Teen pregnancy isn’t rising and 7 other things we learned from the 2016 Demographic and Health Survey

On Monday, almost a week after the brutal murder of Karabo Mokoena  sent South Africa into a tailspin, sparking rage on social media under the hashtag MenAreTrash, Statistics South Africa (StatsSA) released its 2016 Demographic and Health Survey (DHS).

The survey, conducted by Stats SA and the South African Medical Research Council on behalf of the National Department of Health, collected data from respondents in 11 083 households between June and November last year. It provides much-needed information on gender-based violence, particularly given the lack of detail in police statistics on domestic violence. But also, there are a bunch of other important findings regarding the health and wellbeing of women. The Daily Vox rounds up eight of the most significant finds from the survey.

1. Physical violence is prevalent AF
Here’s a shocker: Karabo Mokoena’s case is not an anomaly. One in 5 South African women older than 18 have experienced physical violence by a partner. The survey shows that 10% of younger women aged 18 to 24 faced this in the 12 months before the survey. Separated and divorced women were also more likely to experience physical violence (40%), followed by those living with a partner (31.1%).

And as if poverty isn’t enough of a challenge, the survey also found that women in the poorest households were more likely to experience physical violence (24.4%). Wealthy women weren’t exactly safe either – 13% of those who experienced physical violence came from the top-earning homes.

The North West had the highest levels of intimate partner violence (5%) and the Western Cape and Limpopo had the lowest levels (1%). Good news, women of Limpopo and the Western Cape! It looks like you’re less likely to experience intimate partner violence than your sisters in other provinces.

2. The older you are, the more likely you are to experience sexual violence
The DHS shows that overall, 6% of women older than 18 experienced sexual violence by a partner. But the numbers were worse the older women got. According to age, 5.2% of young women aged 18 to 24 experienced sexual violence, 7% of women aged 25 to 34 and 7.1% of women aged 55 to 64 experienced sexual violence.

Yep, proof that men are still trash.

3. Young men are more likely to have more partners than young women
Young men are more likely to have sexual relations with multiple partners than young women. The survey says 4.2% of young women aged 15 to 24 reported having more than two sexual partners in the year before the survey, compared to the 20.7% of young men in the same age group.

We knew this too but it’s good to know we have the data to back us up.

4. Younger people are less likely to have tested for HIV/Aids
Despite the fact that 6.2 million South Africans or 11.2% of the population were living with HIV in 2015, the survey found that 32% of women and 42% of men between the ages of 15-24 have never been tested for HIV/Aids.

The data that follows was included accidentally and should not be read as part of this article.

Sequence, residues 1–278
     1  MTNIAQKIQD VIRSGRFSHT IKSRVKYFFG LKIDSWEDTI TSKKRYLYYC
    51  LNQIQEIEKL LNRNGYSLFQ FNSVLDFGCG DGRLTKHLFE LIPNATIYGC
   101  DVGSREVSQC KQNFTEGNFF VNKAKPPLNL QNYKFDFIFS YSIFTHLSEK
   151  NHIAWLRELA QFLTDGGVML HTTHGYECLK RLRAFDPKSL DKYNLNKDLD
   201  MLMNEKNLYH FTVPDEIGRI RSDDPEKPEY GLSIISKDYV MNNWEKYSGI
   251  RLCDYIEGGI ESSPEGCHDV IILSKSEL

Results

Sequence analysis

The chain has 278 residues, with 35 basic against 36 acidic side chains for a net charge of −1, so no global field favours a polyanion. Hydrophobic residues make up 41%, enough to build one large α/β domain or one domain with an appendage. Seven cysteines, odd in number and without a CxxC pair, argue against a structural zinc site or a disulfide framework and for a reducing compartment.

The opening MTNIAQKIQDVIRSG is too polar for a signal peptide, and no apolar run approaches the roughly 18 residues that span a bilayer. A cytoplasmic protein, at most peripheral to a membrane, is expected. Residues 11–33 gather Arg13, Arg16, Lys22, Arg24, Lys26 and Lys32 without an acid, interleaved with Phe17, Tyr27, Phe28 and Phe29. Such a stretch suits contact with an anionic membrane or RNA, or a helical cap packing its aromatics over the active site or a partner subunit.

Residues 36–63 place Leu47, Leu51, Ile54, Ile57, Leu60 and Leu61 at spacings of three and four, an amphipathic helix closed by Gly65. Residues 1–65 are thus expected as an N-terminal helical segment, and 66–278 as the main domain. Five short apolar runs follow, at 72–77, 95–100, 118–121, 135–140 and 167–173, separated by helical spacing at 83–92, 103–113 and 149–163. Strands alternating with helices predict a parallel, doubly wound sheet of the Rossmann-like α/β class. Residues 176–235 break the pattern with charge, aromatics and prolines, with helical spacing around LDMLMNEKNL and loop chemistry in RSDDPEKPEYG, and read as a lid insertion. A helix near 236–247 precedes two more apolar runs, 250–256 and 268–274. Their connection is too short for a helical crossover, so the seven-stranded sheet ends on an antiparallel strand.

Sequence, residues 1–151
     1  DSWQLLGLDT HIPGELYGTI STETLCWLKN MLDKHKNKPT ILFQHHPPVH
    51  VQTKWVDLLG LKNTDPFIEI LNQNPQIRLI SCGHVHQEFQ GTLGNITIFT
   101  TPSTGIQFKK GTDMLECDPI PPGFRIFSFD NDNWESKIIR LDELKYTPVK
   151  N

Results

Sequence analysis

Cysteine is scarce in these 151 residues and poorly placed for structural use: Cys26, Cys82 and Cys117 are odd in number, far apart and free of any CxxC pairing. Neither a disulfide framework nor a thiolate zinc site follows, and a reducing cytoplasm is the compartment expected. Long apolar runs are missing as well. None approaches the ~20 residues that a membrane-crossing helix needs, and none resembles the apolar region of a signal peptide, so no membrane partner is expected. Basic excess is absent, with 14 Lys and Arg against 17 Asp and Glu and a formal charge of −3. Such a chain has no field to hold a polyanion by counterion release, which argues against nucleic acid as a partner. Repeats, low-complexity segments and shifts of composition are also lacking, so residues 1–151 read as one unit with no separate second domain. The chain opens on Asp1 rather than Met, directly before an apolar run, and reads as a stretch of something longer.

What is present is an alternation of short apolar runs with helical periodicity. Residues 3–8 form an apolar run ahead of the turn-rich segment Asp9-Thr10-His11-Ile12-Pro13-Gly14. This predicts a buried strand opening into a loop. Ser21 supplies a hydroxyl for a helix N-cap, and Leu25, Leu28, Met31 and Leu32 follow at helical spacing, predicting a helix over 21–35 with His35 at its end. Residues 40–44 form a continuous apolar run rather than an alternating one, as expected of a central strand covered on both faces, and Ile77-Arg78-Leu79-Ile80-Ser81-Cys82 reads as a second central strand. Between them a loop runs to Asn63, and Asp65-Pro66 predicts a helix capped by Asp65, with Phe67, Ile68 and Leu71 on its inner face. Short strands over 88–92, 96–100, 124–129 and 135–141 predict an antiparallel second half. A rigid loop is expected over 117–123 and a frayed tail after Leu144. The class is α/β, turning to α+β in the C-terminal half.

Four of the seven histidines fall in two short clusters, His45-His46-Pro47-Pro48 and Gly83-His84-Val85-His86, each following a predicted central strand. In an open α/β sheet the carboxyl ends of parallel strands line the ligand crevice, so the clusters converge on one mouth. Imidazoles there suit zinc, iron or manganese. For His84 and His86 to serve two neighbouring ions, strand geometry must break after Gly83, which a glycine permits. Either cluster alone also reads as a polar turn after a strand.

The numbers are not necessarily reflective of access to information as 92% of women and 93% of men knew where to get tested. This means people probably have negative attitudes towards testing.

I thought we all agreed that it’s important to know your status?

5. Risky sex is still a thing
Worryingly,  only 58% of women and 65% of men who had multiple partners in the past year reported using a condom during their last sexual intercourse.

Honestly, there should be a higher percentage of condom usage in both men and women, especially since Cyril Ramaphosa introduced the government-sponsored flavoured condoms last year.

6. Many girls fall pregnant in primary school
In the survey, 28% percent of girls below the age of 19 were reported to have been pregnant. What’s quite alarming is that a third of those girls had not completed primary school yet.

Teen pregnancies were also shown to be more likely in non-urban areas, with 86 per 1,000 live births, compared to the 62 per 1,000 live births in urban areas.

7. Still, teen pregnancy isn’t increasing.
Both Statistician General Dr Pali Lehohla and Motsoaledi debunked the misconception that social grants encourage young girls to have children. Motsoaledi said most young girls only register for social grants two years after their child is born. Teens are clearly getting pregnant because they don’t use condoms reliably. (See point 5, above.)

Adolescent pregnancies can trap girls into a lifelong battle against poverty, and we need to get better at delivering youth-friendly sexuality education and reproductive healthcare. But there’s no need for more moral panic – the teen pregnancy rate has barely changed 1998.

8. And actually, the birth rate is decreasing
The survey shows that South Africa is approaching what Motsoaledi called a “demographic winter“. This is just a fancy term that means women are giving birth to fewer children. The average number of children born per woman was 2.6 in the last three years – down from 2.9 over the three-year period ending in 1998.

Featured image via Twitter